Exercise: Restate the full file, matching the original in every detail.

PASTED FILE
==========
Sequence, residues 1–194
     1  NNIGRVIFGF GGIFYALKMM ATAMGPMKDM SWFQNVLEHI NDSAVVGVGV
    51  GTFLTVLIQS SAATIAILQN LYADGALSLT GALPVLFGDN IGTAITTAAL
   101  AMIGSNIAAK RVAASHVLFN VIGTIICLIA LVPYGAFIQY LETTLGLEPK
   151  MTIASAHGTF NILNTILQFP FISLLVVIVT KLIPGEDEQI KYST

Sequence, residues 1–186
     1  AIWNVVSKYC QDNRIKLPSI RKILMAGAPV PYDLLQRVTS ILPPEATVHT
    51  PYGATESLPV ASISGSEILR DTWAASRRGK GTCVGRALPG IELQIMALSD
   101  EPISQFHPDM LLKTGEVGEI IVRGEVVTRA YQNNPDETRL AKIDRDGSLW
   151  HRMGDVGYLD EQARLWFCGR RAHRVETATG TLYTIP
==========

Sequence, residues 1–194
     1  NNIGRVIFGF GGIFYALKMM ATAMGPMKDM SWFQNVLEHI NDSAVVGVGV
    51  GTFLTVLIQS SAATIAILQN LYADGALSLT GALPVLFGDN IGTAITTAAL
   101  AMIGSNIAAK RVAASHVLFN VIGTIICLIA LVPYGAFIQY LETTLGLEPK
   151  MTIASAHGTF NILNTILQFP FISLLVVIVT KLIPGEDEQI KYST

Sequence, residues 1–186
     1  AIWNVVSKYC QDNRIKLPSI RKILMAGAPV PYDLLQRVTS ILPPEATVHT
    51  PYGATESLPV ASISGSEILR DTWAASRRGK GTCVGRALPG IELQIMALSD
   101  EPISQFHPDM LLKTGEVGEI IVRGEVVTRA YQNNPDETRL AKIDRDGSLW
   151  HRMGDVGYLD EQARLWFCGR RAHRVETATG TLYTIP